Marketplace PM for April 25, 2007

Episode Description 

Donations to candidates come in smaller amounts

The 18 presidential candidates have raised a total of $130 million in the first quarter of this year — four times more than at the same point in the last campaign. And, John Dimsdale reports, more of it's in small amounts.

Dow's up further, but is the economy?

The Dow Jones Industrials ended today at an all-time high: 13,089.89. Most other indexes are up, too. So is the economy on the upswing, or is this just a bunch of numbers? Alisa Roth reports.
Posted In: Investing, Wall Street

A clash of symbols

For years, a stock symbol of one to three letters suggested the company was listed on the New York or American Stock Exchange. Nasdaq-listed companies used four or five letters. But that may change. Amy Scott reports.
Posted In: Investing, Wall Street

Chase wants public money for Ground Zero plan

JP Morgan Chase has said it would be a big part of the post-9/11 recovery of Manhattan's Ground Zero by building a 50-story tower nearby. But now it wants more from the city before it'll commit. Ashley Milne-Tyte reports.
Posted In: New York

Doctors get hooked on drug companies

A new survey finds nearly all physicians report some type of relationship with the pharmaceutical industry — everything from getting free food to "professional services." Bob Moon reports.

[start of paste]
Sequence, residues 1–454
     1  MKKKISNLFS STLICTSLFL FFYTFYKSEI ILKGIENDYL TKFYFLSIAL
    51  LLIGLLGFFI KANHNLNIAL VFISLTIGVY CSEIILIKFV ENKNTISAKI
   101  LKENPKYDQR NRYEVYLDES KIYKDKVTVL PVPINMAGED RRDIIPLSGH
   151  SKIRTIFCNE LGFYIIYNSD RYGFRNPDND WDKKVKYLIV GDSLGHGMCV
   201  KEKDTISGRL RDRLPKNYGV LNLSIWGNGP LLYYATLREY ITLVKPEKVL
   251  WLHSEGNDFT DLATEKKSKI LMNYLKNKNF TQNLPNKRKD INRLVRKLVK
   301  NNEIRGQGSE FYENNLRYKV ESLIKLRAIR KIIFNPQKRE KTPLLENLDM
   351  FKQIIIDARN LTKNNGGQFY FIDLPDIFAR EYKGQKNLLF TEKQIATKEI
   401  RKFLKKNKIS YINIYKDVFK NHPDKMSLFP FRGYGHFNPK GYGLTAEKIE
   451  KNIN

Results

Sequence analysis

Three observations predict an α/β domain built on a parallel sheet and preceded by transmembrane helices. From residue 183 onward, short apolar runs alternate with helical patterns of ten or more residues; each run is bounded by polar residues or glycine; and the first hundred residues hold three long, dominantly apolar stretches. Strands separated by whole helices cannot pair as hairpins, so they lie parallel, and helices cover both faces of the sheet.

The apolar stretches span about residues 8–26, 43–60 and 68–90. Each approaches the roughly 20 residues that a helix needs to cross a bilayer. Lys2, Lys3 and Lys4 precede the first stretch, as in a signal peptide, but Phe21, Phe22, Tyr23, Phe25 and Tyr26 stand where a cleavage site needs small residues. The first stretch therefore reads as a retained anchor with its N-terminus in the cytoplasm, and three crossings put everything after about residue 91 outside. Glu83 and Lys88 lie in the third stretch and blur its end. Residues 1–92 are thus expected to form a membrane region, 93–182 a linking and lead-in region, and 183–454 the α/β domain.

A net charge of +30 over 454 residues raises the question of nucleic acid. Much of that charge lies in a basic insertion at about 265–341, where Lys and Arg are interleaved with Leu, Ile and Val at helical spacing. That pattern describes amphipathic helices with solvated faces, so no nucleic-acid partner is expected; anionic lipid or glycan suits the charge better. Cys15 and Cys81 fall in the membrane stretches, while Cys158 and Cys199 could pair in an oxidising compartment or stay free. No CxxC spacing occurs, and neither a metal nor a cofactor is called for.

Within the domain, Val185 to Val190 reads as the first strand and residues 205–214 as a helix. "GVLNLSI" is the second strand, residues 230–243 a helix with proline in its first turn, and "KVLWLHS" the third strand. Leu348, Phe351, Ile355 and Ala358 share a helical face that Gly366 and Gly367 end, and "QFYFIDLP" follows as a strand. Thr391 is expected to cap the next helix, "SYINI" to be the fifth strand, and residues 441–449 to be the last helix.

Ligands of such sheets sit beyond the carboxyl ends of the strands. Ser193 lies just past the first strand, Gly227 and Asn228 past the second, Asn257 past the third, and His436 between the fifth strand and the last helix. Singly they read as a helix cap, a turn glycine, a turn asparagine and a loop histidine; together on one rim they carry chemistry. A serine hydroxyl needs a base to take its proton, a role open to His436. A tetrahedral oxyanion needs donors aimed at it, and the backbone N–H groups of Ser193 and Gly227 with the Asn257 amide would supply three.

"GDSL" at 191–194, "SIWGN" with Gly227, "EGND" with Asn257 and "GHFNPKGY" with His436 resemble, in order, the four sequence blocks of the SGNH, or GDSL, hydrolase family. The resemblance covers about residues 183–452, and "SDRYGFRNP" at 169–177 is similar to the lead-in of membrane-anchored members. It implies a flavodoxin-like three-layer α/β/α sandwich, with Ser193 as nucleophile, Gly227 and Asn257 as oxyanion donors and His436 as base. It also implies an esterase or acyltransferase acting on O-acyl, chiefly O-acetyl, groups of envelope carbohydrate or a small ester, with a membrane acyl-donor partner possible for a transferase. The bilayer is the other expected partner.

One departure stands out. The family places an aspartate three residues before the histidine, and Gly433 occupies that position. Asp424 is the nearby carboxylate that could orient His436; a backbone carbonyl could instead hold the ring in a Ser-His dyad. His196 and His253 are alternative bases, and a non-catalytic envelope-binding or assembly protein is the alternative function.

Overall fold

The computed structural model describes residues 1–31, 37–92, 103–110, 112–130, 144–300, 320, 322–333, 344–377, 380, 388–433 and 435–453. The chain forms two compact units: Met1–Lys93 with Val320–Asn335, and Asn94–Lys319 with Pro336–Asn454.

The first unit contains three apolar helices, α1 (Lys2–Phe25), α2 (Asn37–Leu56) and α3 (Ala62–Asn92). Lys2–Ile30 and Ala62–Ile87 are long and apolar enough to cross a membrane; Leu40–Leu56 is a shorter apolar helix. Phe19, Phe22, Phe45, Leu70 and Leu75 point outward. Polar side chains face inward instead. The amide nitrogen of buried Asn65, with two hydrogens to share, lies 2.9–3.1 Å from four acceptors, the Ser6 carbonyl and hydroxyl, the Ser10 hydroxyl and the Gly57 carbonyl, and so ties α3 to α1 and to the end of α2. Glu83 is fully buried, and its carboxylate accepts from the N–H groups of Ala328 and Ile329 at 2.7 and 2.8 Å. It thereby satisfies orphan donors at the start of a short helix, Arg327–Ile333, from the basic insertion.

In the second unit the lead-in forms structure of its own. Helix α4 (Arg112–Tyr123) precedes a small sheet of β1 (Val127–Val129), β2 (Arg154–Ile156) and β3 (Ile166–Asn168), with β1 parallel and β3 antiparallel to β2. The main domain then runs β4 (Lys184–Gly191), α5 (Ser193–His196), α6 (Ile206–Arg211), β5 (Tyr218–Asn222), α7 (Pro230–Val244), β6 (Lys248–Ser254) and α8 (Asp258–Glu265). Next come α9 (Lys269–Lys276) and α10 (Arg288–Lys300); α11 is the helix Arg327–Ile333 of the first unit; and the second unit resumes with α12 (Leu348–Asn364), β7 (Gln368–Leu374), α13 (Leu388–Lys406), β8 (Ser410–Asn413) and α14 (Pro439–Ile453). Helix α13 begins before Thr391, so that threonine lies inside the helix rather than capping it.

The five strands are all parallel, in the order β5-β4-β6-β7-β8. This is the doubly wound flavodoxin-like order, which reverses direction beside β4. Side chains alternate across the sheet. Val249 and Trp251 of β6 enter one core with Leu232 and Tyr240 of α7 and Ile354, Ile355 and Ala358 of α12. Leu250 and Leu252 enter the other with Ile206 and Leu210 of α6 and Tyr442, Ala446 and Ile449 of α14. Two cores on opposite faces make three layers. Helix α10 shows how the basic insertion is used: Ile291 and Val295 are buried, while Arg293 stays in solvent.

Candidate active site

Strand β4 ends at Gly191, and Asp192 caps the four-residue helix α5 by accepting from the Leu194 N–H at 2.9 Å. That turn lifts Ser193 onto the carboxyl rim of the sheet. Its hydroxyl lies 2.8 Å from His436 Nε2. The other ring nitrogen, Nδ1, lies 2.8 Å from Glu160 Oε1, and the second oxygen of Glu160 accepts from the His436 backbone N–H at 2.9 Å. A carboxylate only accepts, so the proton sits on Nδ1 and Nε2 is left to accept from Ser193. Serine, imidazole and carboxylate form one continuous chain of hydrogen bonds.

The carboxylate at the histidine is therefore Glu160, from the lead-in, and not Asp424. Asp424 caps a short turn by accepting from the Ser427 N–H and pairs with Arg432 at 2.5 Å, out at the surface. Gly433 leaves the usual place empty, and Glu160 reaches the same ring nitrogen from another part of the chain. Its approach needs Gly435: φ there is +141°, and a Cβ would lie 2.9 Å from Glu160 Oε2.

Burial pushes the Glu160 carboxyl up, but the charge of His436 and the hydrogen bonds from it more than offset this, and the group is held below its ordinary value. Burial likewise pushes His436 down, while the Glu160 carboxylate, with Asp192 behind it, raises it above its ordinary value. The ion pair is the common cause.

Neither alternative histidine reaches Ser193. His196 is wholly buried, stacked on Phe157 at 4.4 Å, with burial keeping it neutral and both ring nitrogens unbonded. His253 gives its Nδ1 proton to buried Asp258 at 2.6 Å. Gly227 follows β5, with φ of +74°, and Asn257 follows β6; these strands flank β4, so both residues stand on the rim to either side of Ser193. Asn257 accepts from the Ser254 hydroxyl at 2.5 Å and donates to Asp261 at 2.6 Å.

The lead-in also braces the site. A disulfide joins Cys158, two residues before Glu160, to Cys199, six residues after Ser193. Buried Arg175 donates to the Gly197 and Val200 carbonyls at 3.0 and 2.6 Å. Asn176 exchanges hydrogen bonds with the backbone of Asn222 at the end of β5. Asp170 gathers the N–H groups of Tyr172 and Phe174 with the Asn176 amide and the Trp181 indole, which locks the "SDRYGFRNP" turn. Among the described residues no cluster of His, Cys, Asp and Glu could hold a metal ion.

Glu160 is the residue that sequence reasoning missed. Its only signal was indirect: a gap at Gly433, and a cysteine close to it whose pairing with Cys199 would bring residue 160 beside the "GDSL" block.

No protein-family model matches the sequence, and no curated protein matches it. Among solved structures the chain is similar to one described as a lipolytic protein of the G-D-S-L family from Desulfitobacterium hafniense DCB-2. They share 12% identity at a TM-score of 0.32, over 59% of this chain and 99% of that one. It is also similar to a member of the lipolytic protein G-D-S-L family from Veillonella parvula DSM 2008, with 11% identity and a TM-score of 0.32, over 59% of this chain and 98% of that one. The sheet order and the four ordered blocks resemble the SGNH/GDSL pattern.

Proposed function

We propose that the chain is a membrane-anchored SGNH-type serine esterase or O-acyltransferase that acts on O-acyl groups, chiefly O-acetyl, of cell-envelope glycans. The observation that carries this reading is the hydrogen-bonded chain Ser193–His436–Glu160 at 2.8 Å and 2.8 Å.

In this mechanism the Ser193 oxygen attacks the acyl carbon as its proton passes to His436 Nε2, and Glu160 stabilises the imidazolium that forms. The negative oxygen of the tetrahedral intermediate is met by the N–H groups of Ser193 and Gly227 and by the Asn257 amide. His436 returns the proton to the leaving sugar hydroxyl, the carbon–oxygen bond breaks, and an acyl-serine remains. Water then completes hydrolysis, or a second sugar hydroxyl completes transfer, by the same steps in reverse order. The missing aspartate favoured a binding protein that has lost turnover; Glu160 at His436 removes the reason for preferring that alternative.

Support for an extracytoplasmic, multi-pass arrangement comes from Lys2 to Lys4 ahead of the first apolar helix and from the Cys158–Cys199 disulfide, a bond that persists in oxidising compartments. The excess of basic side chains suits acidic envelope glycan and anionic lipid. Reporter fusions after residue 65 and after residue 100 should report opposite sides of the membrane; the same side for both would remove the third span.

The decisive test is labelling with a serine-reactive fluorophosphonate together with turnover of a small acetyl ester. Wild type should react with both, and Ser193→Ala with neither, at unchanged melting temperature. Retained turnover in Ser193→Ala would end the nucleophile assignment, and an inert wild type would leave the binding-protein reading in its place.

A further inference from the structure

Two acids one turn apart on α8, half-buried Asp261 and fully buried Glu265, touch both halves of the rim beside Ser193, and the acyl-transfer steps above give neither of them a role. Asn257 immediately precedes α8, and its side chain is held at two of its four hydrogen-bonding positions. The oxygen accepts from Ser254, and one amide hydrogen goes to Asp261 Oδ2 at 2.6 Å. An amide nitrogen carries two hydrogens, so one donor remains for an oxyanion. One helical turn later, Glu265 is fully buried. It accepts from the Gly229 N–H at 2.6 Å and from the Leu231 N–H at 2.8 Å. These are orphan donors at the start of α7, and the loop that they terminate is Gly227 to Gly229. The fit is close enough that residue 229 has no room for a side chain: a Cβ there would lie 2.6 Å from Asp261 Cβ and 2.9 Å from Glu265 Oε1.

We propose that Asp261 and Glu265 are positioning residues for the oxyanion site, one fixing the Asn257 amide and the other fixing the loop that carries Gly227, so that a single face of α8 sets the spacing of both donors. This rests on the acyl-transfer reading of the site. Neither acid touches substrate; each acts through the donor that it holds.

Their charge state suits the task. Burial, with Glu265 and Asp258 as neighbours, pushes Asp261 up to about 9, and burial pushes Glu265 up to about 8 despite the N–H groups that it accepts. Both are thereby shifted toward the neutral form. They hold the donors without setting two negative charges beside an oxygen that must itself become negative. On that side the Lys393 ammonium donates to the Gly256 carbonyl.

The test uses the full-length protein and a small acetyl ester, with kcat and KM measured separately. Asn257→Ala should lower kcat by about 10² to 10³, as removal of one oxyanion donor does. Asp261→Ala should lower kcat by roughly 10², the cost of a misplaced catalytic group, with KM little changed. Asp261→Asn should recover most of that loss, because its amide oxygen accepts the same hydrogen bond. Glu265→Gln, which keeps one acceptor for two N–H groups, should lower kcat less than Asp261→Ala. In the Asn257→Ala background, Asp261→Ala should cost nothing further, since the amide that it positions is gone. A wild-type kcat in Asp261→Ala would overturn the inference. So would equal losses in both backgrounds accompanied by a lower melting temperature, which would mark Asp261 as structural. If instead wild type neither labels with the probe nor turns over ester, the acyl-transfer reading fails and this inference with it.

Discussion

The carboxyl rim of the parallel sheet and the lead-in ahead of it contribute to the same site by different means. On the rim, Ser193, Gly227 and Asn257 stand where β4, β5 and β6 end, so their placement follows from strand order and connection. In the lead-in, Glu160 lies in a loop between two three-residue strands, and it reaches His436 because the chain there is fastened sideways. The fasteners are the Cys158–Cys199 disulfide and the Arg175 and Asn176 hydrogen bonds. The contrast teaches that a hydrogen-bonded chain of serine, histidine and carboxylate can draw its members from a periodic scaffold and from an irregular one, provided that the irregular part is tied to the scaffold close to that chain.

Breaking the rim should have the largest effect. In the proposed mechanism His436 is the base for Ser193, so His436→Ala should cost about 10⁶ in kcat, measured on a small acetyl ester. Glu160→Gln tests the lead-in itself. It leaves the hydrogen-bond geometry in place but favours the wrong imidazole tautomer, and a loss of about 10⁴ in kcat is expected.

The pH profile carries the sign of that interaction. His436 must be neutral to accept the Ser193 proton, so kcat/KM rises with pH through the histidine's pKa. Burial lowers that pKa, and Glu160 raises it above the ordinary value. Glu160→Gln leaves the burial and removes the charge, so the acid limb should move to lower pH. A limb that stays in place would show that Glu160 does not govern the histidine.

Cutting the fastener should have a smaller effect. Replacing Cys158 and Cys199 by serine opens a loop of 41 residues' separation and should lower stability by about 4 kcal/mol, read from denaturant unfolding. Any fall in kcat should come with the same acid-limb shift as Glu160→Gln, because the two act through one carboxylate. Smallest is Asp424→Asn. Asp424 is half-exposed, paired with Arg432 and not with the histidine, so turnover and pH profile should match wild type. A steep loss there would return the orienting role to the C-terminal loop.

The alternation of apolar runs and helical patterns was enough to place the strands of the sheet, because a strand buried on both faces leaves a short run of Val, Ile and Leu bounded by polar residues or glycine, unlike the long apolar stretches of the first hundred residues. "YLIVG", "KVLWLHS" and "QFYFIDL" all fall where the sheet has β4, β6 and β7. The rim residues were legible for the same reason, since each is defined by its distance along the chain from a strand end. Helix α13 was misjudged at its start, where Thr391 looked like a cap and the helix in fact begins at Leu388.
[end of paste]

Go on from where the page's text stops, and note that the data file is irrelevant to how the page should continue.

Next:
Posted In: Health

What would melamine be doing in food?

The FDA is looking into whether melamine, a chemical usually found in plastics, might have found its way into the human food chain. Kai Ryssdal talked with market researcher Harry Balzer about how concerned we should be.
Posted In: Health, Retail

Feds should practice what they preach

Fed Chief Ben Bernanke visited a Washington, D.C., high school today as part of a campaign to teach financial literacy. Commentator Ben Stein finds the choice of messenger on the subject . . . interesting.
Posted In: Investing

Paying to put education in the campaign

Two of this country's biggest philanthropists are promising $60 million to get education reform on the political agenda for 2008. Lisa Napoli reports.